Acquisition Marketplace Review - The Journal of Applied M & A Theory

The MoneySoft M&A Outlook for 2008:

Friction in the marketplace

MoneySoft has not released an M&A Outlook since July 2005. At that time conditions were favorable for M&A activity and we projected that deal activity would increase by 5% to 8%.  Data provided by FactSet Mergerstat indicates that the deal activity increased by 6.7%.

Since our last update, a number of interesting trends and factors caught our eye:

M&A Transaction Activity:

  • The number and value of headline-grabbing, billion-dollar deals peaked at the end of June 2007.  For the twelve months ending 6/30/2007, dealmakers racked up 290 deals with an aggregate value of $1.148 Trillion Dollars.  Since that time, mega-deal activity has dropped.
  • The number of M&A deals leveled off at the very beginning of 2007 showing 0% growth for the 12 months ending 1/30/2007, versus the 12 months ending 1/30/2006.
  • Deal volume for the 12 months ending 9/30/2007 versus 9/30/2006 has dropped by 6.1%.
  • The news from the middle market suggests that the credit crunch has not had an impact on private-company M&A.  However, aggregate deal volume is down 6.1%.  Middle-market and private deals represent over 70% of the volume.  Something is causing friction within the mid-market and private segment.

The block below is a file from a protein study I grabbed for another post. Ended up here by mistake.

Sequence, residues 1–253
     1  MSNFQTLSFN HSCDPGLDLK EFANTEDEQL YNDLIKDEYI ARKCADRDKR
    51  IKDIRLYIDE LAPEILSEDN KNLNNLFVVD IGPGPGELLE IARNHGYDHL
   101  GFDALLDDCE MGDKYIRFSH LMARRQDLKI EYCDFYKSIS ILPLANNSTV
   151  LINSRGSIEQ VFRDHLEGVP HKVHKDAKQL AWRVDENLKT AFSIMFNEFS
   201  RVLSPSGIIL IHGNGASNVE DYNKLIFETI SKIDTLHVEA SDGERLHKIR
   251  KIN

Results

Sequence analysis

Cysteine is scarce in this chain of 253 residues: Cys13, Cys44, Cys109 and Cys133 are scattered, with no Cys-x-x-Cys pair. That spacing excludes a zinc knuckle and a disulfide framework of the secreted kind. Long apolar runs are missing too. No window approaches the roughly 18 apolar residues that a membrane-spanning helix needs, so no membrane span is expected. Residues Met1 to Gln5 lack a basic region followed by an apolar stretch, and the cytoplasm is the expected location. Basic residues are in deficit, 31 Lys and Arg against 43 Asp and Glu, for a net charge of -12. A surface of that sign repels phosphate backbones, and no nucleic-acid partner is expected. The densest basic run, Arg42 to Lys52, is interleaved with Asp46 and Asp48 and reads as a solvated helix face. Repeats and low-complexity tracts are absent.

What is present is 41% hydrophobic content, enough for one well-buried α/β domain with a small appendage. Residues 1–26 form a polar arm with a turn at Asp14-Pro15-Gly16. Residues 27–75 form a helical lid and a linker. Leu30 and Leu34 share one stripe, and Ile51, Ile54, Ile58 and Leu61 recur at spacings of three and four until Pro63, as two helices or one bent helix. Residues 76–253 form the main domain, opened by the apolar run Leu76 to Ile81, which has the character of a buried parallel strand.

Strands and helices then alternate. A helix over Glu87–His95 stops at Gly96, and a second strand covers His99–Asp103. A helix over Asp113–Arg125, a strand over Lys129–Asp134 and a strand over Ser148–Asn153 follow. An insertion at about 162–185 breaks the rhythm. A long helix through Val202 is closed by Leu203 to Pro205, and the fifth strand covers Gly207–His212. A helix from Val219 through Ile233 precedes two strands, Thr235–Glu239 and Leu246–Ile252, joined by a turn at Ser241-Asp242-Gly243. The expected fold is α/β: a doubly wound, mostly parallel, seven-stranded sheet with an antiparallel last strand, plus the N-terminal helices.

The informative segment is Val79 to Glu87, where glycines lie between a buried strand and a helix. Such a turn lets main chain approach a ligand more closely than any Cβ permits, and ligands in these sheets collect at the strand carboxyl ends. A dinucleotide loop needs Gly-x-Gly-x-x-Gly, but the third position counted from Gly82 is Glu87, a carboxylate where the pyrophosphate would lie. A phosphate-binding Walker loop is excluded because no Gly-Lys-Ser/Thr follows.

• The September Duke University/CFO Business Outlook survey indicates that three-quarters of the CFOs surveyed expect M&A activity to slow.  Of particular interest is the suddenness of this change in expectations.  In the prior quarter’s survey, the majority of surveyed CFOs expected M&A to “stay strong through the remainder of 2007.”

Capital Markets:

  • Equity markets have become much more volatile.  The Chicago Board Options Exchange (CBOE) Volatility Index (VIX) is a “key measure of market expectations of near-term volatility conveyed by S&P 500 stock index option prices. Since its introduction in 1993, VIX has been considered by many to be the world's premier barometer of investor sentiment and market volatility.”  When the last M&A Outlook was written, the VIX was at 11.57.  At the start of November 2007, the VIX had increased to 23.21.
  • Despite the increase in volatility, the NASDAQ Composite Index is up by 15.4% for 2007 and by 28% since the last MoneySoft M&A Outlook was published.  During the same period, the Dow Jones Industrial Average has moved from 10,705 to 13,930—an increase of 30%, but the market is “wobbly.”
  • A tightening of credit has made it more difficult to get leveraged deals funded resulting in downward pressure on purchase price multiples and more restrictive funding terms and loan covenants.

The Dollar and Economy:

  • The value of the dollar has lost value against the following currencies:


July 29, 2005